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Coach's decision: O'Brien is out

He resigns from Celtics; Carroll steps up

WALTHAM -- Jim O'Brien resigned as head coach of the Celtics yesterday, shocking players, owners, and director of basketball operations Danny Ainge, and leaving a significant amount of money on the table. Assistant coach Dick Harter, a defensive specialist and longtime friend of O'Brien, was fired by the team.

Assistant coach John Carroll was installed as interim head coach for the remainder of the season, and new assistants may be added to the staff.

During a brief press conference at the team's practice facility at the Sports Authority Training Center at HealthPoint, Ainge cited philosophical differences with O'Brien regarding the direction of the team and personnel decisions. While Ainge said he did not view the differences as insurmountable, O'Brien apparently did, and in the wake of a blowout loss to the New Jersey Nets Sunday, O'Brien determined he could no longer coach the team.

According to team and league sources, O'Brien vented his frustrations Monday afternoon to Ainge. He offered his resignation in a meeting with Ainge yesterday morning.

O'Brien, whose guaranteed contract runs for two more seasons after this one, declined comment at his home last night. Those remaining two years are believed to be worth approximately $6 million.

"Jim vents, but I usually don't disagree with his venting," said Ainge. "That's why I don't feel our differences are that monumental. But he disagrees. He thinks that they are monumental and I don't see it that way. But we are different.

"I guess if a guy doesn't want to work on the relationship and see the things going forward, then I respect the fact that he's willing to walk away and not drag us down, in his own words.

"I think Jim O'Brien is just a great human being. I'm a big fan and always will be a big fan of his. But he just didn't believe that it was going to work.

"With these things, there always has to be a reason, there always has to be somebody that's at fault. But I don't really think that I'm at fault. I don't think that Jim's at fault. Jim just recognized that it wasn't going to work in his mind."

Far from dragging down the team, O'Brien returned the Celtics to the playoffs in 2001-02 after a six-year absence. They won two rounds, in fact, and lost in the Eastern Conference finals to New Jersey, four games to two.

O'Brien, 51, took over in January 2001 after Rick Pitino resigned. He posted a .500 record (24-24) for the remainder of the season, earning the job on a permanent basis. With an unwavering emphasis on defense, O'Brien posted a 139-119 record in his tenure, 13-13 in the postseason.

Last year's Celtics lost in the second round of the playoffs to New Jersey. Currently, the Celtics are 22-24 as they head into tonight's game against Detroit, in second place in the Atlantic Division and in sixth place in the Eastern Conference.

Despite public statements avowing mutual respect, Ainge and O'Brien were thought by many to have a problematic relationship for some time. Trades with Dallas (last October) and Cleveland (in December) -- plus the indefinite suspension of Vin Baker for alcohol-related problems -- left O'Brien with only three holdovers from last season: Paul Pierce, Walter McCarty, and Mark Blount.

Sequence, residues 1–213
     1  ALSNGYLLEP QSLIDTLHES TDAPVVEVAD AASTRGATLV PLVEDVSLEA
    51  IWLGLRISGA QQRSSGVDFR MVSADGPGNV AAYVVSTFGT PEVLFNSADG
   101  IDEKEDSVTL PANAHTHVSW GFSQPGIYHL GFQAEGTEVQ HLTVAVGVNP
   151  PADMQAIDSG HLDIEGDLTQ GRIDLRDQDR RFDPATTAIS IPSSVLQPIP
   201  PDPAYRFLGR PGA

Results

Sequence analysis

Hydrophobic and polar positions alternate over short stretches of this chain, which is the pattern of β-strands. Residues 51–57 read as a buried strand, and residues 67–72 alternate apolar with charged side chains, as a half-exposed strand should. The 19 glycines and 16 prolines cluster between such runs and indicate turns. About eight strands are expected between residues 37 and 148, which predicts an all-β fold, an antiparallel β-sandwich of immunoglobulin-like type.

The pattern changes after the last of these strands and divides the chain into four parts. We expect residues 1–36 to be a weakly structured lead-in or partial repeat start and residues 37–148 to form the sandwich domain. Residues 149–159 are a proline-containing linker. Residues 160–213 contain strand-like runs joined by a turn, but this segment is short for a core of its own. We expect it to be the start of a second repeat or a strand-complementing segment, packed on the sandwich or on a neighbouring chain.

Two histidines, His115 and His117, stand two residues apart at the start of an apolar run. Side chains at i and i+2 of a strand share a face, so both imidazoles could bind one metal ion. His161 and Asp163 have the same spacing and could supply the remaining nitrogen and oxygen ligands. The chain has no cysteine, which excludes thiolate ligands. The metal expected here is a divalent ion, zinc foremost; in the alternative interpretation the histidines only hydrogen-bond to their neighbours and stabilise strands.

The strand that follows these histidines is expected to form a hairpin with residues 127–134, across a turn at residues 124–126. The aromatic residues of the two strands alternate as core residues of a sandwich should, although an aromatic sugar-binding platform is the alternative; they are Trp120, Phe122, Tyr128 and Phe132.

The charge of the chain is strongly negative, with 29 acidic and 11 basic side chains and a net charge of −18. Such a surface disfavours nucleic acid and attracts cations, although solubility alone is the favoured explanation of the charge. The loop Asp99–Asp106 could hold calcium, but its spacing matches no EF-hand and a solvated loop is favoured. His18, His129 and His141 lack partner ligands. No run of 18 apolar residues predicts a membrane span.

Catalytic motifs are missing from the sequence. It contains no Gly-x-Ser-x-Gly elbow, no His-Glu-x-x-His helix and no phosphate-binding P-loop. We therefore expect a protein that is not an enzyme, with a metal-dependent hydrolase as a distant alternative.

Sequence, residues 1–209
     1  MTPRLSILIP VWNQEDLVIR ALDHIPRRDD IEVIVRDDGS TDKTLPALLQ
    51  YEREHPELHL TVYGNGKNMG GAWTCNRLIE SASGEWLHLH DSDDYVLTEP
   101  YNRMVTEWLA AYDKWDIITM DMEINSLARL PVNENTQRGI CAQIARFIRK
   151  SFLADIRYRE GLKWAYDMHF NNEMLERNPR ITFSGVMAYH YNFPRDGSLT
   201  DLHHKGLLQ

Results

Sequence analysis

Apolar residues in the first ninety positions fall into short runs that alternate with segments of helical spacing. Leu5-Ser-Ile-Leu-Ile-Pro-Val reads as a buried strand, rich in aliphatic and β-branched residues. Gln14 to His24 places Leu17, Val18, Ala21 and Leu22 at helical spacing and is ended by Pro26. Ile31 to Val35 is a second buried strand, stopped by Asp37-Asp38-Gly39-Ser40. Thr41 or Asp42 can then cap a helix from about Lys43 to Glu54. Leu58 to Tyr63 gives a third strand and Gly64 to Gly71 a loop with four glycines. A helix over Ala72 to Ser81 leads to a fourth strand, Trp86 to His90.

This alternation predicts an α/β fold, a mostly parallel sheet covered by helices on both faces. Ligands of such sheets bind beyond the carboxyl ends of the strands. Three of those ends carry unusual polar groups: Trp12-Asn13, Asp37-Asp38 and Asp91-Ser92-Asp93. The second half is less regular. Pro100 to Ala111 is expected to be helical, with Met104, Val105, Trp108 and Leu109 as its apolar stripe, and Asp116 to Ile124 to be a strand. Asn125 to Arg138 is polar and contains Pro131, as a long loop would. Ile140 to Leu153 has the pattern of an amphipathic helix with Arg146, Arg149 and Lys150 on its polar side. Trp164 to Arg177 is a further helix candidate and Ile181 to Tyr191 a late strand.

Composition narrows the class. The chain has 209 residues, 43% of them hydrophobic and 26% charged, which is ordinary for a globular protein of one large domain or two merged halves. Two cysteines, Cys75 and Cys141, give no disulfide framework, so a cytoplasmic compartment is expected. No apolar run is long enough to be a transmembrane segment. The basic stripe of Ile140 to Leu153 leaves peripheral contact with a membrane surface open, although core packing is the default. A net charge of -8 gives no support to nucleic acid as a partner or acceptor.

The Celtics increasingly became a team O'Brien was uncomfortable coaching. "I think Jim was ultimately frustrated by the situation where Danny made all the decisions, frequently against his objections," said Basketball Hall of Fame coach Jack Ramsay, who is O'Brien's father-in-law and frequent confidant. "The net result was a team that wasn't of Jim's liking and not one he wanted to coach especially.

"This was an extremely difficult season for Jim."

O'Brien was strongly opposed to the Dec. 15, 2003, deal that sent Eric Williams, Tony Battie, and Kedrick Brown to the Cavaliers in exchange for Ricky Davis, Chris Mihm, and Michael Stewart. The loss of Williams, who was a vocal veteran leader and defensive stalwart, was especially tough for O'Brien.

The Cleveland trade came after the Celtics had won five games in a row.

The other major trade, made a few days before the season began, sent Antoine Walker and Tony Delk to the Mavericks for Raef LaFrentz, Jiri Welsch, Chris Mills, and a first-round pick.

With the revamped roster, O'Brien was forced to start instructing the team almost from scratch.

"He thought they had turned the corner and had gotten the team really focused after they had that five-game winning streak, and they come back and he loses three players," said Ramsay. "Eric Williams was a key guy for Jim. It was fighting an uphill battle from there.

"The whole process, the evaluation of players and where Danny thinks the team is going with the players that they have, that he's acquired, is not the same evaluation that Jim has.

"I think the loss at New Jersey on Sunday was a key loss. The way they played and just the whole atmosphere of that game was not the way he wanted the team to play."

Players were told of O'Brien's decision yesterday afternoon, and the news was understandably painful for those who had played under him the longest. One reason O'Brien succeeded in returning the Celtics to the playoffs was his ability to earn the trust and respect of his players.

"It's painful," said Blount. "He is just good people. His family has a good man, a really good man. If anybody wanted to know what a father figure is, they just have to look at O'Brien. He's a gentleman. He's first class."

Ainge, who coached the Phoenix Suns for three-plus seasons from 1996-99, said he had no intentions of getting back on the sidelines.

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